- Employ new process technologies that are more efficient, have lower scale requirements, use inputs like energy more efficiently, or produce fewer unwanted waste by-products. This is a disruptive approach that takes advantage of incumbent manufacturers that postpone investment in new processes, especially if their existing ones are capital intensive and not fully paid for yet, or the marginal cost of using them is low. This is particularly important in scale-based industries, where innovations may overcome such advantages. This is a classic disruptive innovation approach, and there are numerous historical examples where industry leadership has shifted away from one country or region because of its failure to invest in the new.
- Imbue content with such high innovation that manufacturing cost doesn’t matter. There are many examples of this including advanced machine tools, specialized semiconductor manufacturing, aircraft engines, and biologics. Labor costs don’t matter much because the profit margins are high. Of course, in these areas production likely wasn’t offshored in the first place.
- Sectors where a manufacturer can reap factor cost advantages, for example inexpensive natural gas as a critical input for the chemical industry (which is being demonstrated in Germany).
Many people voice loud support for the relocation of production closer to home, without fully internalizing the implications. “Good high-paying union jobs,” as many US politicians seek, can only be sustainable if the productivity gains are sufficient to overcome the cost differences. That is, unless and until consumers are willing to pay more for re-shored products.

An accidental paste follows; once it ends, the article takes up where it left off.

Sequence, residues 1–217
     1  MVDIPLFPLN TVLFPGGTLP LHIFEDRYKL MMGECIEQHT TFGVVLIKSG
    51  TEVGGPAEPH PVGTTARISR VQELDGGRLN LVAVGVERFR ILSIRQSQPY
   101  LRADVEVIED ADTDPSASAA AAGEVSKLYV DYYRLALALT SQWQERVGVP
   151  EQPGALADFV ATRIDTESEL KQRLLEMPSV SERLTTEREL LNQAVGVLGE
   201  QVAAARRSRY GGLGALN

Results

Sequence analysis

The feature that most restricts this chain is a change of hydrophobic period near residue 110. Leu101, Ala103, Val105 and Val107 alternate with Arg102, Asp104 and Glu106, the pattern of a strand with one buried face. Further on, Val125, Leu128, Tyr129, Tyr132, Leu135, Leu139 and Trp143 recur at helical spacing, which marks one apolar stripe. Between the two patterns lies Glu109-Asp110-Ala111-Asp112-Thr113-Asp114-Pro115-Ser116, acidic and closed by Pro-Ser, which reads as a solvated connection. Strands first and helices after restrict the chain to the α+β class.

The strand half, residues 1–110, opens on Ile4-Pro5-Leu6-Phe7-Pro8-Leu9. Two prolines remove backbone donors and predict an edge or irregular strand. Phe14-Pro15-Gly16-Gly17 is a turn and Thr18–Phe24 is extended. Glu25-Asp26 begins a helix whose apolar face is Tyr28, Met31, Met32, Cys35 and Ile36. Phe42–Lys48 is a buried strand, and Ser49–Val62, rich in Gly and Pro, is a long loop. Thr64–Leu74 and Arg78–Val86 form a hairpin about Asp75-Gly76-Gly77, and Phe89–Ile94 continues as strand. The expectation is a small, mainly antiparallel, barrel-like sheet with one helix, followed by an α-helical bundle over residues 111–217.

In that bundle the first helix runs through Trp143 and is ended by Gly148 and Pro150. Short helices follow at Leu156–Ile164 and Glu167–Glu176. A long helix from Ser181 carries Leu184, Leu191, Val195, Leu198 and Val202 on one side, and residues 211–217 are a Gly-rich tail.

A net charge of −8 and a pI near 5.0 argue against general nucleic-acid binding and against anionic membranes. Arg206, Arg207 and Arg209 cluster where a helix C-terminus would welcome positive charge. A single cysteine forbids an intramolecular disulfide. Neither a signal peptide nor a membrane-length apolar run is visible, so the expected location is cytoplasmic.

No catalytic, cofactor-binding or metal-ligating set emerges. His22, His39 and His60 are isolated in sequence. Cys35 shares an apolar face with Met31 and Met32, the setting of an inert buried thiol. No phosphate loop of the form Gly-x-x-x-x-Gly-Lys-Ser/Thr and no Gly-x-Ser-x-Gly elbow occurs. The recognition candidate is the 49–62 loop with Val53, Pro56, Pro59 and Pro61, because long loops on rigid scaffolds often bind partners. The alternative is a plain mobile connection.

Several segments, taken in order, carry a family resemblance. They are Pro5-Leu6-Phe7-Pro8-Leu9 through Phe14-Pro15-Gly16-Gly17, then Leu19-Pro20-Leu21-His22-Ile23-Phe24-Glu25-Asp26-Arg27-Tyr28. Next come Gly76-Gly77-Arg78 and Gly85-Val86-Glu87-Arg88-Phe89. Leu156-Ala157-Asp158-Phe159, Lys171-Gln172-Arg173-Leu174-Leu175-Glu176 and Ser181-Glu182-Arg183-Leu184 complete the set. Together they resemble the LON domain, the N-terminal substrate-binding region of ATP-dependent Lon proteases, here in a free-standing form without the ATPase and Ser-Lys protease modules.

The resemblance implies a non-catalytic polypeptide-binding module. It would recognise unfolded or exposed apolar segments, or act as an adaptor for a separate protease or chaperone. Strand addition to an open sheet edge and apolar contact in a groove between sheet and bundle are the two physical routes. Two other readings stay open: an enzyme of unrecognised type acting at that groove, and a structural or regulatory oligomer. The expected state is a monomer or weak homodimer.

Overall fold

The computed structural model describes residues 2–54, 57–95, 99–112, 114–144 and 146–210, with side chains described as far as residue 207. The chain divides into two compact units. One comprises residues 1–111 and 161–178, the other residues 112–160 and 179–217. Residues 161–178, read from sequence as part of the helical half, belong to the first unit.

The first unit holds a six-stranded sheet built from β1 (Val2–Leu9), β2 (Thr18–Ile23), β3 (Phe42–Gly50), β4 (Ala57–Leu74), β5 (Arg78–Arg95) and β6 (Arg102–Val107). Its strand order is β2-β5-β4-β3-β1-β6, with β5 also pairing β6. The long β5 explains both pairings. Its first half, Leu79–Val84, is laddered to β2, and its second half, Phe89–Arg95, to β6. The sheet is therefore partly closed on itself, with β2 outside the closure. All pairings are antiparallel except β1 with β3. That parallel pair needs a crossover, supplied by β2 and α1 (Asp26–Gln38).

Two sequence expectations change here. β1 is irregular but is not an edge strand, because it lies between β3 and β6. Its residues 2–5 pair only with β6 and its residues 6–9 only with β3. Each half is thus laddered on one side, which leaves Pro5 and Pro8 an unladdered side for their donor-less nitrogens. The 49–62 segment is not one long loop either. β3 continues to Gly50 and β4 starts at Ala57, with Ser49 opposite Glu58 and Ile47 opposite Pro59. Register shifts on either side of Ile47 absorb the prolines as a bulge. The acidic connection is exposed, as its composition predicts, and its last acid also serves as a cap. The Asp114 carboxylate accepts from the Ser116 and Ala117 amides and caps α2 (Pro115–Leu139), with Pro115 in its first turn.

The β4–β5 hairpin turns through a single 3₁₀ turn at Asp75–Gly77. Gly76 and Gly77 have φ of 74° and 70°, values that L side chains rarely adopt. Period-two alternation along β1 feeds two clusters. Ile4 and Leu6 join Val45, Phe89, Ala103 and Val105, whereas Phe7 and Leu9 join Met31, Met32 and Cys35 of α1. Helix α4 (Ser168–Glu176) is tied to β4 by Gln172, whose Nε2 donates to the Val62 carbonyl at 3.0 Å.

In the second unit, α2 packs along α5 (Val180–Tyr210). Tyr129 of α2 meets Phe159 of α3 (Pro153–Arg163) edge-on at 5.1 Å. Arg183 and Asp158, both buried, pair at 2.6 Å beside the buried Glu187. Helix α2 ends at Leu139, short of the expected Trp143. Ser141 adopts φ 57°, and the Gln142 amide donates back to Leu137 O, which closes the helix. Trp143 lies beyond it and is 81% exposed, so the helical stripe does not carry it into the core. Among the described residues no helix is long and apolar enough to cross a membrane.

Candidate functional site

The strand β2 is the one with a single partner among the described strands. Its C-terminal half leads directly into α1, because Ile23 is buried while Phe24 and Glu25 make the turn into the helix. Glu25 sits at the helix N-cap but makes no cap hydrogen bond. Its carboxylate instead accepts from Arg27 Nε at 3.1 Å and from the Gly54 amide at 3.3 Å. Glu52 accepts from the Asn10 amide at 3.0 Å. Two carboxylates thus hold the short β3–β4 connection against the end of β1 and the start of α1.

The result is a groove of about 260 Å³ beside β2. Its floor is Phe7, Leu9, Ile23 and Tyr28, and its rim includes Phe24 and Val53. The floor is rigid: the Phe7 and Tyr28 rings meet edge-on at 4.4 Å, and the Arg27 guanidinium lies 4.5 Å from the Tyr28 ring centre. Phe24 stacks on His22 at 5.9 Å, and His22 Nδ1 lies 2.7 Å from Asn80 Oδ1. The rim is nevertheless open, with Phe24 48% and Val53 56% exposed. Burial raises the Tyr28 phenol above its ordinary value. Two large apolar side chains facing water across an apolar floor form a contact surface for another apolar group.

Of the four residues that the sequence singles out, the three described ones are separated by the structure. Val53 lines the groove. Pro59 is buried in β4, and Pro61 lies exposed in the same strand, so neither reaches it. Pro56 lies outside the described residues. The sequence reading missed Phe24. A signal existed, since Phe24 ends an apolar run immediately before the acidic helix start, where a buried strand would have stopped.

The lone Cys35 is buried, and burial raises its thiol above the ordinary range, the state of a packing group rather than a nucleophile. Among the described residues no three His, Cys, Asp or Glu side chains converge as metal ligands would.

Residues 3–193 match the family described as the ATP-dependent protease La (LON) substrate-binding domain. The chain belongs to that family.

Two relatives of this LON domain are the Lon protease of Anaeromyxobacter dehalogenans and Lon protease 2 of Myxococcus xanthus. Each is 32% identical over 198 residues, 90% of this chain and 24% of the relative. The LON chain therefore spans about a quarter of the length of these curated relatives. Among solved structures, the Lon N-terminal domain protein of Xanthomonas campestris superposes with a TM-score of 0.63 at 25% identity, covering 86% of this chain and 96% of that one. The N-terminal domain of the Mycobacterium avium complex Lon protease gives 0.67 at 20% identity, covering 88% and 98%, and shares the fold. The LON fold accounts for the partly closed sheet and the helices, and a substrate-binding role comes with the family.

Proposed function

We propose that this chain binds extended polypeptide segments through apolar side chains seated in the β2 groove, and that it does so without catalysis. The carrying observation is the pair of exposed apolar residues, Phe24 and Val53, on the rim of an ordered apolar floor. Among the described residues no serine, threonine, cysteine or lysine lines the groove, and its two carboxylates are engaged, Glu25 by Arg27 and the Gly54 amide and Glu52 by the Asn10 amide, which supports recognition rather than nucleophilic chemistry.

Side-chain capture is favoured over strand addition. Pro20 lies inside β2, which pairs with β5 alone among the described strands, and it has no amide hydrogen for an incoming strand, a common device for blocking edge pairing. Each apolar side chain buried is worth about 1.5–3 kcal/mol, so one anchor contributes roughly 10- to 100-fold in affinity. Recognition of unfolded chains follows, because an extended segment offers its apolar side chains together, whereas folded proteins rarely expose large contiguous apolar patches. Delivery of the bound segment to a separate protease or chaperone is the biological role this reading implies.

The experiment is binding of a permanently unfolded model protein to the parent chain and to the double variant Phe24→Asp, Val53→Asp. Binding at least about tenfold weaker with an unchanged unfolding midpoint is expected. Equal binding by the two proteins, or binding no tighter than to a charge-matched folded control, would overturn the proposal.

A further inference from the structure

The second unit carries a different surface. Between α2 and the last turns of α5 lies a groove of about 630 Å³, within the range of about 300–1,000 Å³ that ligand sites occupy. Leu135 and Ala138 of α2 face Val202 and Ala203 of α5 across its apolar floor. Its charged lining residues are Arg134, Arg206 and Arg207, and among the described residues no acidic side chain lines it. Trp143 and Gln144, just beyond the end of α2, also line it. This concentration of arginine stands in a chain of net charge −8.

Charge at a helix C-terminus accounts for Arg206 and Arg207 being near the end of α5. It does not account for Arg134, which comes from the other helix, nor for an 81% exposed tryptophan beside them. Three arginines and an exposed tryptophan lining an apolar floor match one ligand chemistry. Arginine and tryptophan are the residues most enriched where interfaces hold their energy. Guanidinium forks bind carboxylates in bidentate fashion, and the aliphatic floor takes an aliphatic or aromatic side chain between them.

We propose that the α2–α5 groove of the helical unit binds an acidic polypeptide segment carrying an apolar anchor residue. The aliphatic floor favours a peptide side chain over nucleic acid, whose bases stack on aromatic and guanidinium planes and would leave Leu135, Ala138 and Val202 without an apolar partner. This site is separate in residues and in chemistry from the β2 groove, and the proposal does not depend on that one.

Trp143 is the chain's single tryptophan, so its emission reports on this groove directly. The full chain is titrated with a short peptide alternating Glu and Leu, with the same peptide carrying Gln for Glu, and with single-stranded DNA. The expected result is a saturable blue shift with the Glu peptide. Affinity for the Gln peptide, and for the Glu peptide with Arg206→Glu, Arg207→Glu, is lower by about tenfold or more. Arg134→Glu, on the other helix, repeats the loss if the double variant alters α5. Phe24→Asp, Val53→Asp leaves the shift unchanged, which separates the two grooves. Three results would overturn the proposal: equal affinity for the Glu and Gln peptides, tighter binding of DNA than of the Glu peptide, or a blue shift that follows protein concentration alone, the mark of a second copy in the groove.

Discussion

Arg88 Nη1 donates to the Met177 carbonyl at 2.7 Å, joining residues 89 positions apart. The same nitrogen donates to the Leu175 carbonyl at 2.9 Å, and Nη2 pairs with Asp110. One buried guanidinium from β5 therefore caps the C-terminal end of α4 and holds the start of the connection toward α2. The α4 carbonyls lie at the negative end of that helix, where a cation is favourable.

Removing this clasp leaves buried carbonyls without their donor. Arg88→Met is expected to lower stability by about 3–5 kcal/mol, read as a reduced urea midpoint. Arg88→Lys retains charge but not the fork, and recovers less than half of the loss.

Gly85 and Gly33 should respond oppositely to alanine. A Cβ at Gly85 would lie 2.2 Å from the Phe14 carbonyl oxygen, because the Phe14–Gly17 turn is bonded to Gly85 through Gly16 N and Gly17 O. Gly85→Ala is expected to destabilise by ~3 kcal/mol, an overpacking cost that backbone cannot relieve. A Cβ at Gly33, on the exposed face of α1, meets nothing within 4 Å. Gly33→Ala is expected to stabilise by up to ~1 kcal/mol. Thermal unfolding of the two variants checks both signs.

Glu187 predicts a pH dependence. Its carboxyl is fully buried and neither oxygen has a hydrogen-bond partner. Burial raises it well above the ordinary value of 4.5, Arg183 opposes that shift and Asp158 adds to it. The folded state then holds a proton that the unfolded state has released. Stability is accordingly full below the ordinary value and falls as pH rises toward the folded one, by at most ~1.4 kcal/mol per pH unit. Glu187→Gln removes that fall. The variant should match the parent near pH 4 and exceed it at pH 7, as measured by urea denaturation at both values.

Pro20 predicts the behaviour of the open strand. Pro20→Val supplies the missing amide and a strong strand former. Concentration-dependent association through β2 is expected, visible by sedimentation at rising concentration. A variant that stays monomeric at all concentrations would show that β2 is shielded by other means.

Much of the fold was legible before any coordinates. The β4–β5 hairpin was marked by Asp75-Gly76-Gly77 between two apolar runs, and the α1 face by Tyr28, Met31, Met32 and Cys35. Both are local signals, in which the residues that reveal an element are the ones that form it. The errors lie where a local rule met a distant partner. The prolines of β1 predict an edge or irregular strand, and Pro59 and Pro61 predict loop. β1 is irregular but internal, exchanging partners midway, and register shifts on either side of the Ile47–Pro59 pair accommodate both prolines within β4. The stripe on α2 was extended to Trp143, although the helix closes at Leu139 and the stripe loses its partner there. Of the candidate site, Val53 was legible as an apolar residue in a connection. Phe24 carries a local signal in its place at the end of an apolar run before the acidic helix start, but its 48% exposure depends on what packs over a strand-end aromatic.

This is less of a factor for near-shored or friend-shored production, but of course that depends on whom a nation classifies as friends. Does “friend” simply divide the world between free-market democracies versus countries that are aligned with authoritarian regimes in China or Russia? What if India keeps buying Russian oil? What if Vietnam keeps transshipping Chinese steel? What if Turkey and Mexico keep letting their politics strain their friendships?
China's manufacturing strength isn’t going to just go away
The argument for carving China out of supply chains risks ignoring the strong production capabilities in the country that will be hard to replicate elsewhere. In many traditional sectors like steel, auto parts, chemicals, and electronics, overinvestment has led to vast excess capacity and driven a race to the bottom, commoditizing global markets and making it hard for others to compete. State-directed policies, domestic infrastructure advantages, and construction industry demand have given its producers huge scale economies.
Another Chinese advantage lies in the production experience curve. Each doubling of cumulative production volume triggers a proportionate reduction in unit cost. Savings can be attributed to improvements in labor efficiency, specialization, work method, use of tools and equipment, product redesigns, material substitutions, and other improvements that collectively reduce production costs. In sectors like auto parts, batteries, appliances, electronic components, and flat panel displays, Chinese manufacturers have been able to move far down the experience curve thanks to their enormous cumulative production volumes, giving them substantial cost advantages.